Lalit Verma trains his lens on the architecture and culture conveyed by the structures of diplomatic missions dotting the plush Chanakyapuri in New Delhi.
It so happens that at a time when Narendra Damodardas Modi, our new Prime Minister takes over command, Alliance Francaise de Delhi, is hosting a photo-exhibition showing images of around 45 embassies located in the coveted diplomatic enclave in a lush green Chanakyapuri. Since Modi’s approach and his take on foreign policy remains the least known aspect of his politics, the exhibition somehow becomes interesting. But there actually exists no connection between the new government taking charge and the exhibition by Lalit Verma. The Pondicherry-based photographer had made these photographs for the book “Delhi’s Diplomatic Domains: Chanceries and Residences of Imperial New Delhi” by Gladys Abankwa-Meier-Klodt — the wife of a senior German Diplomat — released last year.
Lalit simply decided to showcase the images, he shot extensively, last year, independently of the book and he has taken care to include several images which are not part of the book. “You don’t get permissions to enter these spaces so easily but we did because of Gladys and I wanted to share it with more and more people. India was probably one of the first countries to dedicate an entire area to diplomatic missions and it is beautiful,” says Lalit who also runs an art gallery in Pondicherry. Although there are hundreds of diplomatic missions in the Capital, Lalit has concentrated on 47 of them located in Chanakyapuri as a result of which the likes of Japan, Luxembourg, etc. are missing. “And then there are those which didn’t give us permission like the U.S., China and a few more. We could shoot Thailand only from outside as the embassy was being renovated. Israel only wanted us to shoot the art objects and nothing else but the most welcoming of them all was Pakistan,” reveals Lalit as he shows us the photographs printed on canvas making some of them look like paintings.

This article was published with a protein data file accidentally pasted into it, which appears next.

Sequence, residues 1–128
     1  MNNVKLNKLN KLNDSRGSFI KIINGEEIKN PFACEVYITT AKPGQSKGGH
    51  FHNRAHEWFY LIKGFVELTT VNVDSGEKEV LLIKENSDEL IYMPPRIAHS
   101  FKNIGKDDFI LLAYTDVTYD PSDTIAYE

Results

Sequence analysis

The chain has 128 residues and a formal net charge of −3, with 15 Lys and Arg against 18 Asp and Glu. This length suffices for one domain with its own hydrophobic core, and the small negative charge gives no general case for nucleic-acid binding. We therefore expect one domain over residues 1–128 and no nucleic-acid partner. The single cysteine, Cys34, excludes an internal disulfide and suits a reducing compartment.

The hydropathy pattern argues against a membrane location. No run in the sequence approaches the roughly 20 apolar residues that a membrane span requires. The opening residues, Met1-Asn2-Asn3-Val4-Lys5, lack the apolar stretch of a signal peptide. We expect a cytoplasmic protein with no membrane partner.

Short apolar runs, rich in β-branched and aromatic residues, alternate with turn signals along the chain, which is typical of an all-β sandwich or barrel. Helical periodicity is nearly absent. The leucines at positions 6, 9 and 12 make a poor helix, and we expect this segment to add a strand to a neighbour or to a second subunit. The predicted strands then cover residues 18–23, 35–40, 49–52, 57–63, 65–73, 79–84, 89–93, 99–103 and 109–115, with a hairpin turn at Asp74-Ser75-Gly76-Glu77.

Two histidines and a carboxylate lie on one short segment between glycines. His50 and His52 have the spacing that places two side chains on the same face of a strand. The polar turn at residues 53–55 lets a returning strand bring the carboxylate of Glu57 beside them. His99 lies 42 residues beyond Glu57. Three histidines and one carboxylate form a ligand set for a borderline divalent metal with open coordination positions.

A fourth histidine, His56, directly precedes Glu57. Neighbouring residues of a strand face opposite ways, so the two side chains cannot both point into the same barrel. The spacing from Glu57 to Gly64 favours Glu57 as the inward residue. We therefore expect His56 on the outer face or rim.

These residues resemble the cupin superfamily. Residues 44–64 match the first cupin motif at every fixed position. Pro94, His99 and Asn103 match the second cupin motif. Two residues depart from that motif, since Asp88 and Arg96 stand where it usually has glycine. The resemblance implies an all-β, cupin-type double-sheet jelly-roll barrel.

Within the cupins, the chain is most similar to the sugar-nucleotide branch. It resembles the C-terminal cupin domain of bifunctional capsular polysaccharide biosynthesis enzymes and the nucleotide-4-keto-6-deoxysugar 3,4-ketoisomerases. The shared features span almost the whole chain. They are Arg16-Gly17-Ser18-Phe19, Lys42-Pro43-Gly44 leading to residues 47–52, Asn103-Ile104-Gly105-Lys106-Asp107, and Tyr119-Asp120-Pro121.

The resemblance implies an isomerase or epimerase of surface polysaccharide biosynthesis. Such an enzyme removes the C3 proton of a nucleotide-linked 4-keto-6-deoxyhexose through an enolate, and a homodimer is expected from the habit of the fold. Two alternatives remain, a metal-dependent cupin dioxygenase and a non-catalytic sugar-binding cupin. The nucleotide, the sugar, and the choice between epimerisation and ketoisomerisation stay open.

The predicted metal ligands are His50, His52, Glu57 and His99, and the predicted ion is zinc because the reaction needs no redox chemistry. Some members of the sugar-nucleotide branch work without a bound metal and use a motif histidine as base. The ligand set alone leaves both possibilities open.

Even as they stand as the representative of their respective countries’, Lalit says, it is interesting how they also end up borrowing from the surroundings and become an interesting blend. “But to show them as a representative of a particular country or a culture was never the overarching concern. The idea was to show the building just like it is,” he explains. While the chic structure of High Commission of Singapore represents the country’s modern moorings, Polish embassy, the artist says, falls in the category of art deco.
“I had to look for those spots in these places and I thought the chandelier shot from below was just the perfect spot to show the essence of this building,” says Lalit, adding that how he discovered little known things about these spaces while shooting. “Slovakia embassy has a cinema hall and Sudanese embassy has a proper mosque but I haven’t included those images because of the paucity of space. While some really opened their residences and embassies to us like Brazil, etc., some were not so keen.”
Through the shot of The Netherlands embassy, Lalit gives us a glimpse of history. “By the fire place is where Jinnah sat and signed the Partition agreement,” recalls the lensman, adding that the shots depended on the opportunities the building afforded. “In the Venezuelan embassy, the outdoors were lovely and also in the Swedish embassy.
(The exhibition “Delhi’s Diplomatic Domains” is on at Alliance Francaise de Delhi, 72 Lodi Estate, till June 4)